Barcelona reaps big rewards from its heavy investment in the Internet of Things—including 47,000 new jobs, increased parking revenue and decreased costs for energy and water.
While more cities across the globe are recognizing—and realizing—the multitude of benefits the Internet of Things (IoT) can deliver, some cities identified its potential much earlier than others. Considered by many to be the first true “smart city,” Barcelona, Spain, embraced the idea of using connected technology as a tool to both improve its citizens’ lives and save the city money long before the concept was widely lauded.
Spearheaded by Barcelona’s mayor from 2011 to 2015, Xavier Trias formed his Smart City Barcelona team shortly after taking office, and they quickly went to work looking for areas where the city could leverage IoT technology to improve services for its residents, increase revenue and cut operational costs.
Beginning in 2012, the city implemented reactive, connected technology across its municipal infrastructure. By 2014 its Smart City Strategy had grown to include 122 projects classified into 22 programs, and created 47,000 new jobs.
Today, Barcelona’s IoT-powered infrastructure provides myriad services, from those that better serve its elderly and in-need residents to those that ease congestion while improving parking to ones that reduce water usage and electricity consumption—and much, much more.
Caring for Citizens in Need
Thanks to the IoT, Barcelona boasts the speediest emergency response service for its citizens who are elderly, those who live with disabilities, or are dependent on others. The city provides this service free of charge to more than 70,000 people. Each user has a push button device installed in their home (connected through a mobile phone or land line) that connects them to a dedicated call center. Help is only ever a single click away.
Available 24/7/365, the program, the city calls its Telecare service, has two goals. The first goal is providing quick and appropriate responses to requests for help and assistance—whether that’s alerting emergency responders or reaching out to a user’s family member. The second goal is preventing common problems from arising in the first place, which is done by providing preventative interventions that keep citizens safe and minimize social isolation or loneliness. This objective is further supported by another IoT-powered city project, Vincles BCN, a digital platform the city uses to help reduce the social isolation its elderly residents are at a higher risk of experiencing.
Barcelona has transformed the way its citizens and visitors park by implementing an IoT-powered system that uses sensors to direct drivers to the closest available parking spot. ApparkB, the app used to locate open spaces, also allows users to pay for their parking.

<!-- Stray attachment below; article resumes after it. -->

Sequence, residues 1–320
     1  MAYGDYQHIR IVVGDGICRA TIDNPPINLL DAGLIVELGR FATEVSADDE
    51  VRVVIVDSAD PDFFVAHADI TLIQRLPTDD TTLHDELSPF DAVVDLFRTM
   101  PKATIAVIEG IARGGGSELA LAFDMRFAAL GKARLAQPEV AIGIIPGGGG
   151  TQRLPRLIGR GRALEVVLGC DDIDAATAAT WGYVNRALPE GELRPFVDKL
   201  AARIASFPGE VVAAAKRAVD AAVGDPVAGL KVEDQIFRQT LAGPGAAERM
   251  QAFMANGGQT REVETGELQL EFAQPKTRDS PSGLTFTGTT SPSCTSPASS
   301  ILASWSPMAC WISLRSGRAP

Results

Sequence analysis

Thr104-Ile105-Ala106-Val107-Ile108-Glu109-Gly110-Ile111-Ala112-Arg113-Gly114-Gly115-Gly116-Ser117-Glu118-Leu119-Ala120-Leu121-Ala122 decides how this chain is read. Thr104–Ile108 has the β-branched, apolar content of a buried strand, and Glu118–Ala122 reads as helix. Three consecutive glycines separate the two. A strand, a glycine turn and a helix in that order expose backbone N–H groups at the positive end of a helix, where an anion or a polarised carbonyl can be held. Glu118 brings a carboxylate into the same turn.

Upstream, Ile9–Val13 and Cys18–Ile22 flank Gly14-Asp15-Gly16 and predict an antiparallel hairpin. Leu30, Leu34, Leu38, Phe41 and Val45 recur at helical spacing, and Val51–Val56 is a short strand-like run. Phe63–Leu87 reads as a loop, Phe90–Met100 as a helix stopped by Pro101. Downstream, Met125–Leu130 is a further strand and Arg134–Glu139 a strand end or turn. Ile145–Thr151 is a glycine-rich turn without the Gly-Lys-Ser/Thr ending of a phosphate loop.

Embedded in the city street, the sensors can detect if a parking space is taken. Once a vehicle occupies a space, the app enables the driver to pay for the exact length of time they use by determining the payment once the driver has left the spot.
By quickly guiding motorists to vacant parking spots the program has reduced congestion and lowered emissions. And, the city is making a very smart profit, too, increasing its parking revenues by $50 million per year.
Conserving Resources = Big Cost Saving
Another street-side project, the city’s IoT-powered lampposts, saves the city big money. By 2014, more than 1,100 city lampposts bulbs were transitioned to LED and posts were outfitted with movement sensors. If the lamppost sensor detects a pedestrian nearby, full illumination is delivered, but when the streets are empty, the lights automatically dim, conserving more electricity. These improvements have significantly decreased energy consumption and resulted in a 30 percent energy savings across Barcelona’s lighting system.
The city is also saving water—and money—with its IoT-powered park irrigation system. To increase water efficiency in Barcelona’s parks, the city deployed a system of electric water valves that work in conjunction with new sensors that can monitor rain and humidity in the park environments. Maintenance workers use the sensors to determine the level of water needed and remotely control the IoT-enabled valves to deliver only the water necessary. The program has enable the city to realize a 25 percent increase in water conservation.
The extensive benefits the city of Barcelona has experienced make a strong argument for embracing connected solutions at the local municipal level—one that has inspired many others to follow suit. IoT-enabled cities continue to make sense, providing the ultimate win/win—improving the lives of local citizens and conserving valuable natural resources while increasing revenue and reducing city expenditures.